Joy Ride (Theatrical)

Follows four Chinese-American friends as they bond and discover the truth of what it means to know and love who you are, while they travel through China in search of one of their birth mothers.

July 7, 2023 7 Min Read

Review by: Matt Malouf

Plot: What’s it about?

I was fully prepared to write a review of Joyride raving about what a good time it was. I love a good R-Rated comedy that lets loose and offers a good time. Unfortunately, that wasn’t the case. I will dive more into this in a bit, but to say I was let down would be a small understatement. I’m sure other reviewers of all sorts would agree that it’s a lot more fun writing about a film you either loved or loathed rather than one that’s just kind of there. By no means is this film awful, but it simply didn’t deliver on the good time promised by the trailers. This may be a case like the recent No Hard Feelings that not only did I review, but the ads gave away most of the funny bits. Granted, No Hard Feelings did improve for me a bit on the second viewing, I don’t see that happening with Joy Ride. A large thanks to the former film was that Jennifer Lawrence gave a very committed and proper performance. I don’t think the cast here shines as brightly as she did in her film. Nevertheless, let’s take a closer look, shall we?

In an early scene taking us back to 1998, we see a young girl with her Asian parents not sure what to make of the playground which is filled with all white kids. A couple speaks to them, and we see that they have an Asian daughter as well. She was adopted, and the two girls begin a friendship that will carry them to the present. The girls are Audrey (Ashley Park) and Lolo (Sherry Cola). Audrey is the more successful of the two as she is now a lawyer, and Lolo lives with her in the backyard in a separate house. Lolo makes anatomical art, but it has yet to take off. Audrey is tasked with going to China to close a deal. Since she doesn’t speak a lot of Chinese, Lolo is assisting here. Also joining is Kat (Stephanie Hsu) who is Audrey’s old roommate and friend as well as actress. Also joining them is Deadeye (Sabrina Wu), Lolo’s eccentric cousin. To say she’s a little strange would be seriously downplaying it. The elephant in the room for Audrey is finding out who her birth mother is. It’s brought up early in the picture, but after a local in China tells Audrey how important family is, this plants a seed and sets the wheels in motion. What you can expect here is a lot of dirty humor and the ladies spewing out vulgarity any chance they get. This won’t be for the more conservative-minded audiences. And I’m perfectly fine with it not being just so long as it makes me laugh. It didn’t. The trailers have spoiled a lot of the gags, which include our leads being on a train with a drug dealer which causes the girls to consume and/or hide the drugs in places you don’t want to know. There’s also a rendezvous with some basketball players which leads to intercutting the girls and their sexual escapades. The scene should be funnier than it is. There’s also a gag where the girls pretend to be K-Pop singers (similar to the recent Book Club in which the ladies pretend to be singers). This all leads to a running joke where we see a tattoo in a private area. If this sounds like your thing, then maybe it’ll play funnier for you. I found a lot of it rather stale.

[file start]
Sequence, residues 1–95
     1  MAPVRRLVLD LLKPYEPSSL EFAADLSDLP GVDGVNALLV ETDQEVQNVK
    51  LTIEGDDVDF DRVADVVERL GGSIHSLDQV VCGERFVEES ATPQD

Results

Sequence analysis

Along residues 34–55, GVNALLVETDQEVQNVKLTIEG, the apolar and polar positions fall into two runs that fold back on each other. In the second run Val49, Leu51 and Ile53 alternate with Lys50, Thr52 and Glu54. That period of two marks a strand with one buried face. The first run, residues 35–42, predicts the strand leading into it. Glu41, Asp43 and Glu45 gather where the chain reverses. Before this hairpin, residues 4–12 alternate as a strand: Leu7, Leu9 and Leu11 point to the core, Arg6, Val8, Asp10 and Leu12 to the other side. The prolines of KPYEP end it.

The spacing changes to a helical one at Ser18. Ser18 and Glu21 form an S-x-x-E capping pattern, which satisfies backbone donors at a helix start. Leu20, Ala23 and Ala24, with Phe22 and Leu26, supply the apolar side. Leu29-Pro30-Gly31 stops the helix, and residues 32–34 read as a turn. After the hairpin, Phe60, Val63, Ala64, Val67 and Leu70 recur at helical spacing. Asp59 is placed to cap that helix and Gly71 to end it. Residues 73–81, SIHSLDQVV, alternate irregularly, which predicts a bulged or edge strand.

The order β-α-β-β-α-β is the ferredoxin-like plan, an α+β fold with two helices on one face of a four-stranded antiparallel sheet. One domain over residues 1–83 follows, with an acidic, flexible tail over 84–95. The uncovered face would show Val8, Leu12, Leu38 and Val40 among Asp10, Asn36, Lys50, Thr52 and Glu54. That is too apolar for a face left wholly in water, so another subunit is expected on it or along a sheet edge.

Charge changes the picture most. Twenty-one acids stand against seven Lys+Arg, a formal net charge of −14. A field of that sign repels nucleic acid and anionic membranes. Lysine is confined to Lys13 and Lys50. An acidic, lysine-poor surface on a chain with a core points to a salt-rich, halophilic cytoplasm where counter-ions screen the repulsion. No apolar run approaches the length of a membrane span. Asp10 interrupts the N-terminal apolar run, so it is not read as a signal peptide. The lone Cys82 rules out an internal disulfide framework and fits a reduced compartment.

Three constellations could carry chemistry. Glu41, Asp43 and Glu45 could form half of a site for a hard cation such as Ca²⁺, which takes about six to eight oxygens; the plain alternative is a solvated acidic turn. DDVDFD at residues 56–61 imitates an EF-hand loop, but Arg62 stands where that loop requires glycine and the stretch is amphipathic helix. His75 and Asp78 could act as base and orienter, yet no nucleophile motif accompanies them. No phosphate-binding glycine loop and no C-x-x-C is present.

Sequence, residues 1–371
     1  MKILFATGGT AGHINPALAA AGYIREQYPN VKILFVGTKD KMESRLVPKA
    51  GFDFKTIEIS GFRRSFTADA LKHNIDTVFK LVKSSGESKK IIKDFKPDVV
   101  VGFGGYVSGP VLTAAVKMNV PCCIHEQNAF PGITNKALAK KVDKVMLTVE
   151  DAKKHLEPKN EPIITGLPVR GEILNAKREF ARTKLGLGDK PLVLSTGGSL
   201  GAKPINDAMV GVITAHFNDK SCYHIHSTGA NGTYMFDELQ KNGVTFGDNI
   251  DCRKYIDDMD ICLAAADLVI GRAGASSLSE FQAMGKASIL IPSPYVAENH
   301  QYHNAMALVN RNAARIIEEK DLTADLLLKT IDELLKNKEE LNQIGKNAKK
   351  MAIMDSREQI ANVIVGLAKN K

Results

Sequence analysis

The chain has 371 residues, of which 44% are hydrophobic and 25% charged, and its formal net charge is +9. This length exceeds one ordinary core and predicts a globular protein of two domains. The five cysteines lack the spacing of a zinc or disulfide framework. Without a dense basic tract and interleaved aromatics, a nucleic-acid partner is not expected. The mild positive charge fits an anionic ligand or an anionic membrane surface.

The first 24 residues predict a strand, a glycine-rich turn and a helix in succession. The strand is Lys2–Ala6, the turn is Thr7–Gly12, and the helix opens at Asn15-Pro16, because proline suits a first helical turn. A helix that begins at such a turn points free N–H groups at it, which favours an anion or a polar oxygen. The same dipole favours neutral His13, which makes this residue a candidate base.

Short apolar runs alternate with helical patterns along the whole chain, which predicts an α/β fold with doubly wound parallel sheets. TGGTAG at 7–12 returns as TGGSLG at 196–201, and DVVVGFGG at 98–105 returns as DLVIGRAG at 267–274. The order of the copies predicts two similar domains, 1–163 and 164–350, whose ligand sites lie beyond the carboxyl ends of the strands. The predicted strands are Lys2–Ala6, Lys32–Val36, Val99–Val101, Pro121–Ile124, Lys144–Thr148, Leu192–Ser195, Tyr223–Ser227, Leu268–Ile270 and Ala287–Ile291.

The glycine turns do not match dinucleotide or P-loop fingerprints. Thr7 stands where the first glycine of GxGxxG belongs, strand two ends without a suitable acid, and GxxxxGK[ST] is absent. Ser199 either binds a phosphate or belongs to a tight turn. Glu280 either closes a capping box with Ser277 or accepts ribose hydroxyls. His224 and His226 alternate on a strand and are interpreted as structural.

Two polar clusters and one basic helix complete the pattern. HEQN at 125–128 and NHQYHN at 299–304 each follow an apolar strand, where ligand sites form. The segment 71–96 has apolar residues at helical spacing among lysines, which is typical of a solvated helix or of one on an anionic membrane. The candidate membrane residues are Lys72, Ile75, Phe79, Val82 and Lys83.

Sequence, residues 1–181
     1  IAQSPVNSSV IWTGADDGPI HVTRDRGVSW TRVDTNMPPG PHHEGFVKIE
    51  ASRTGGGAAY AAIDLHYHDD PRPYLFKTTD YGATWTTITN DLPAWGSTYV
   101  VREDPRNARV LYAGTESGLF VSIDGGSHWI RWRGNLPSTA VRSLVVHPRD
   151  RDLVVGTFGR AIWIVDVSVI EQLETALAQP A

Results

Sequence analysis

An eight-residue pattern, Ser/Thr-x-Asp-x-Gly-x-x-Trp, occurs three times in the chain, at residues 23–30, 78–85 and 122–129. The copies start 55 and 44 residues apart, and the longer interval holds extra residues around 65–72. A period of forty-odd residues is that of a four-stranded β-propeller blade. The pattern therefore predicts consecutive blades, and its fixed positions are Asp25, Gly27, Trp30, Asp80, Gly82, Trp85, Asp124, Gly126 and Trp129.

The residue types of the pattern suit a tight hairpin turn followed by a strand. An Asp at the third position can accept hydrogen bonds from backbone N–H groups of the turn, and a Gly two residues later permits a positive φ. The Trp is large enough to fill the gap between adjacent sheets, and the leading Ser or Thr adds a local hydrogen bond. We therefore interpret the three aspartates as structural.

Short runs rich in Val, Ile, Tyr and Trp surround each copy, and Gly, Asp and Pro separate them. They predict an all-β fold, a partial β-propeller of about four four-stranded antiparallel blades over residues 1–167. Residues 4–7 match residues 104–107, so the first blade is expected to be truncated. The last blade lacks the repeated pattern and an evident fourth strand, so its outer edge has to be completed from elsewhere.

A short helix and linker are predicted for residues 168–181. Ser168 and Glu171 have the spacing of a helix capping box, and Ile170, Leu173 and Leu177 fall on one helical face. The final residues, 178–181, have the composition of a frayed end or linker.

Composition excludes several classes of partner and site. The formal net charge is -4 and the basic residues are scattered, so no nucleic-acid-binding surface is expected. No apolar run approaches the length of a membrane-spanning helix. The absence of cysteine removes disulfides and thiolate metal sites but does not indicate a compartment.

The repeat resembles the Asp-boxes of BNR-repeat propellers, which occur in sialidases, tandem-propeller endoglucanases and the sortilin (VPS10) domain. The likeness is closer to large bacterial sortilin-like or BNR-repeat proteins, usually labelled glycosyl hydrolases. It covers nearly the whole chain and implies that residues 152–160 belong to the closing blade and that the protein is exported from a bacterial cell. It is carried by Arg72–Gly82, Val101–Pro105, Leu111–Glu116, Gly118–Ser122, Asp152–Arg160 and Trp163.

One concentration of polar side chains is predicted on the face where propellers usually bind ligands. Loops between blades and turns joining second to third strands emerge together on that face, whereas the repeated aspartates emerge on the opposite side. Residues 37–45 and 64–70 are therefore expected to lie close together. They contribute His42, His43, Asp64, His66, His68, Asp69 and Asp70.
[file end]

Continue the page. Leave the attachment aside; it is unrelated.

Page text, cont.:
As I sat watching Joy Ride, I had the same feeling I had when I first watched The Hangover and that was wondering just exactly when will the film get funny. Now, to be fair, I found Hangover quite entertaining, but much more amusing than downright funny. I also liked the four leads. Unfortunately, here, I just didn’t feel a strong connection to the characters. It basically throws anything and everything at us to see what sticks. I wasn’t bored by it, but there was a feeling of lost potential. You won’t have to look hard to find dozens of glowing reviews, so it may very well be your cup of tea. I was fully on board and ready to laugh, but the jokes just didn’t land for me. I can appreciate the R-Rating and not compromising, but really this is just a cookie-cutter film that starts as a comedy and turns serious by the last third. It follows a lot of familiar beats. All this could be forgiven if it just provided enough laughs to compensate for that. I enjoyed Bridesmaids very much, and this is in a similar style (though casting Asians in the lead being the obvious difference), but the jokes just didn’t land for me.

The Bottom Line

Chalk this up as a minor disappointment for me in what’s shaping up to be just a so-so summer. I was fully prepared to write a glowing review of Joyride and how much I enjoyed it and laughed. Unfortunately, it just missed the mark much of the time. What played rather funny in the ads just felt stale in the finished film. I didn’t care for the characters or really find them all that interesting. Take away the vulgarity and women using profanity and speaking all too freely then you’re left with a rather familiar and pedestrian film. I wanted to like it, but I didn’t. I’d advise skipping this one.